The makeshift workout equipment is how he has powered through the pandemic. As states begin to ease restrictions, thus allowing gyms to re-open to the public, he will soon return to normal physical training along with his teammates. 

Meanwhile, Lee has been able to utilize local high school facilities while adhering to the restrictions placed, such as only using the facility when the school’s athletes aren’t present. Previously, he was limited to his home weight set. The absence of a college-level facility furthered his desire to return to the level of normalcy that he and his teammates are accustomed to. 

The emotional toll has hit hard for those who are waiting indefinitely for their next time to step up to the plate or onto the mound. The simple sight of a field or the thought of the usual camaraderie drives players like Lee and Torres to stay focused through baseball’s sabbatical. 

“I live about 30 miles from Tuscaloosa, so I drove down and back a couple times just to look at everything,” Lee said. “I went by and just sat in the parking lot of the baseball field. I can’t go in — gates are locked, doors are locked — I just sat outside the fence and looked. That sort of excitement to get all the guys there, it was a good feeling. It felt like home.” 

For now, they train the best they can for when the NCAA allows them to return to their respective campuses. Beyond the pandemic, they are fortunate to have remaining eligibility to continue their college careers. 

The NCAA extended eligibility for players affected by the coronavirus, giving them another season to play if they chose to do so. Current rules state that athletes are allowed to play four seasons in a five-year period, unless the player receives a medical redshirt. As Lee is a rising junior and Torres a rising senior, both will be able to retain eligibility if they and their schools so choose.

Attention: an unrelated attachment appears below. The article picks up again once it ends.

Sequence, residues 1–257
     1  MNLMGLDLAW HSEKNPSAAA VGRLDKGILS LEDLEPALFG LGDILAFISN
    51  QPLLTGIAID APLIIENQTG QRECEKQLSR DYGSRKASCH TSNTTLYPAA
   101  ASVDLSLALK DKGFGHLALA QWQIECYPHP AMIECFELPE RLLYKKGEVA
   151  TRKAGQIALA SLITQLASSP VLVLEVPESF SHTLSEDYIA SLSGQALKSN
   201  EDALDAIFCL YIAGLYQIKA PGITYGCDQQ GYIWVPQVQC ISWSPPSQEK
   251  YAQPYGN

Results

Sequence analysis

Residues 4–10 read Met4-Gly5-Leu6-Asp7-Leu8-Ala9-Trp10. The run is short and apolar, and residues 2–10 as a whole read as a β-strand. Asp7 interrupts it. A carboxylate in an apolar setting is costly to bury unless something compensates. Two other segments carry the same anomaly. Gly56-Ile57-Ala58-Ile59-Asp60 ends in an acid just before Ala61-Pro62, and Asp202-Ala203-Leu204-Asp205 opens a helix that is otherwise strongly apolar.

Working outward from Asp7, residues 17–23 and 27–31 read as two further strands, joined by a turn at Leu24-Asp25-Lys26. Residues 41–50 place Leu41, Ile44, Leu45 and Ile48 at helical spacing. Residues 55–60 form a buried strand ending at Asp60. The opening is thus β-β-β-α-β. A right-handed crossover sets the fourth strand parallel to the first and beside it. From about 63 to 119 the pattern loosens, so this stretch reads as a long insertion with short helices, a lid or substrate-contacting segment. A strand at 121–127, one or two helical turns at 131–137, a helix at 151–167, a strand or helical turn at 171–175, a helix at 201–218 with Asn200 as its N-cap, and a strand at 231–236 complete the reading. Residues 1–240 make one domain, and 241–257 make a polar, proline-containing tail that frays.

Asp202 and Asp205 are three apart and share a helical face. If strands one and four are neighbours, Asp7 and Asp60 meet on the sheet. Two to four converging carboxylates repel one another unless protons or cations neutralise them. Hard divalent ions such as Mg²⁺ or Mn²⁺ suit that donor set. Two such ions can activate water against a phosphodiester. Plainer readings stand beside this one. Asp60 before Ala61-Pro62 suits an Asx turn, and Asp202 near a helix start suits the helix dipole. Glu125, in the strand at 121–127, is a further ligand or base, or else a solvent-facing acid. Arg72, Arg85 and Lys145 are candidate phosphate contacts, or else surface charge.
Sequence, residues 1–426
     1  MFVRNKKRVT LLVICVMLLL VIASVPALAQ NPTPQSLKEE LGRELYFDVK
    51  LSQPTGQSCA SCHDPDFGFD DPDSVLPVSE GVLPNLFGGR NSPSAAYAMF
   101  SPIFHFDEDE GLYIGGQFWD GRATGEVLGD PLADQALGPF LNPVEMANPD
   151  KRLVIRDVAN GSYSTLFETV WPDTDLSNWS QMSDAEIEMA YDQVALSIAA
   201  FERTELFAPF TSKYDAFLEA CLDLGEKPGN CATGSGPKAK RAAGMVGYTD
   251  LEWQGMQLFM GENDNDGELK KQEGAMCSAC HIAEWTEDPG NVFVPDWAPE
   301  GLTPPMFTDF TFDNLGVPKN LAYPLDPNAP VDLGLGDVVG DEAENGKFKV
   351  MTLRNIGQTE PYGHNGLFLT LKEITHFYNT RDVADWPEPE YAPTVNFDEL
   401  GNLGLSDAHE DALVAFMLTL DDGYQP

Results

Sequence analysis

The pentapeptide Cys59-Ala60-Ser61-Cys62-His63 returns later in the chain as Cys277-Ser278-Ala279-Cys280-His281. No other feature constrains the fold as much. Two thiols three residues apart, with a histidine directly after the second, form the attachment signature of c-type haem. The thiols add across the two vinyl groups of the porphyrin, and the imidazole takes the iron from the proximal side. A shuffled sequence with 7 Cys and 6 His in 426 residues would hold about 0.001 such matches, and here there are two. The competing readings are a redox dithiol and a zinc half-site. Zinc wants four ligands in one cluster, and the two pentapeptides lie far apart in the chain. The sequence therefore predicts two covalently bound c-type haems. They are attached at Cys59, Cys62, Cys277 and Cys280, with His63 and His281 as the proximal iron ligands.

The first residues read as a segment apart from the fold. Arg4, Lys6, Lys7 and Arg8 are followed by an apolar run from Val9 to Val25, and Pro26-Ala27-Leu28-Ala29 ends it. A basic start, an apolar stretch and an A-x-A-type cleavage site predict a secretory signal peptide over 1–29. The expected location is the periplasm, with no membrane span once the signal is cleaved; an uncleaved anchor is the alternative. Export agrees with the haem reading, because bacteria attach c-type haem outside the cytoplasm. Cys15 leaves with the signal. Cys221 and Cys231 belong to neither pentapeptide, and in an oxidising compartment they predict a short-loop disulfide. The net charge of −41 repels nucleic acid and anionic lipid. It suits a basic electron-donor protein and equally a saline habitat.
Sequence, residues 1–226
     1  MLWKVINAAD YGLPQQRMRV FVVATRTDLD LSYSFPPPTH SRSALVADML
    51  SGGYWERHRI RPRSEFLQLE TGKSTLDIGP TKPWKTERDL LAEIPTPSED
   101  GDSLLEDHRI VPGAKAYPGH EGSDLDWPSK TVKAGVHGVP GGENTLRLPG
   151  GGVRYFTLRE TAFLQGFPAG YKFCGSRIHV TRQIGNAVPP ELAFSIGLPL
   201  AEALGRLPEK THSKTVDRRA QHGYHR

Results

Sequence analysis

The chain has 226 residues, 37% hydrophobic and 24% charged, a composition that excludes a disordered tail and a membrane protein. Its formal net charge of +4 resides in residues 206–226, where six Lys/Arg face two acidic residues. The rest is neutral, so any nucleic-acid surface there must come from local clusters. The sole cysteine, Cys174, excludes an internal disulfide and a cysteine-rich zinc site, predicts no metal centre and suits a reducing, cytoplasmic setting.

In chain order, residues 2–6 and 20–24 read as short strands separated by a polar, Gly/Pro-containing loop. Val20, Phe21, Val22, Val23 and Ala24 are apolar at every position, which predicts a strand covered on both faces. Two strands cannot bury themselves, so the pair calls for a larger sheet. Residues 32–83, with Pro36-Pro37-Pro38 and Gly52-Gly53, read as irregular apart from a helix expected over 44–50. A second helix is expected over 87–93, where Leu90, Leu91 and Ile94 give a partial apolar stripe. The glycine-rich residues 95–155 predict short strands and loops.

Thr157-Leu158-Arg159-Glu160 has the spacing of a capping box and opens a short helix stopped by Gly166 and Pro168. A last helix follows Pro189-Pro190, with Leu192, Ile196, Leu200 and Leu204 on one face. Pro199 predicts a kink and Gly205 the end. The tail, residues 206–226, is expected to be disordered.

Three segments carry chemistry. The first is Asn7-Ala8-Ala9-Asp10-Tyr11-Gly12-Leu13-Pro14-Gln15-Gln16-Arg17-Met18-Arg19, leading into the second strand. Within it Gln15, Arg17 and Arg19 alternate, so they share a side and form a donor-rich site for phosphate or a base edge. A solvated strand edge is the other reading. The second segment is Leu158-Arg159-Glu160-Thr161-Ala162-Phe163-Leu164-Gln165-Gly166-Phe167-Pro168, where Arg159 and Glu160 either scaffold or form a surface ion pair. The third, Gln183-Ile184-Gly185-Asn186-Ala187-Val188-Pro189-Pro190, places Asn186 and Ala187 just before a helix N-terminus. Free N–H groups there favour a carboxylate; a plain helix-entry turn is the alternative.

Meanwhile, they remain in constant contact with teammates and coaches both from their colleges and summer ball teams. Big Train manager Sal Colangelo has been talking with current and former players, trying to keep an optimistic attitude for both himself and the players through a difficult period. 

“I try to spin it. Where there’s a negative, I’m gonna try to find a positive, and the positive [for me] is I’m able to help [my daughters], do some things at home, spend time with my wife,” he said. 

The coronavirus pandemic has changed Colangelo’s perspective on various things. He stresses how every player that’s put on the Big Train uniform — or was supposed to — is a member of the baseball fraternity in Bethesda. 

For now, Colangelo is focused on recruiting players for next summer. He has talked with college coaches and is working to bring a large portion of this summer’s projected roster back for the 2021 season. 

While players might be making plans for the next spring and summer, the memories to be made in summer baseball are put on hold, leaving an empty feeling for them in the present moment. 

“That’s probably one thing I’m going to miss the most — meeting up with the boys and creating more memories,” Torres said. 

Fear of the unknown: Seniors ponder their futures after season cancelation 

Torres and Lee entered this spring and the subsequent shutdown with visions of baseball in their future, no matter what. 

Meanwhile, the 11 seniors from last summer’s Big Train team returned to school expecting just one more spring of college ball before pursuing the sport professionally or calling it a career.

In March, pitcher Elliot Zoellner (Big Train 2018-19) and his Maryland teammates had just finished a road trip to Coastal Carolina. Coronavirus cases dominated the news but remained low at the time, he said, until the numbers began to skyrocket in the following few days. 

“Within the next week, we began to see the Ivy League shut down, the NBA shut down, and then things were changing all over the place,” he said.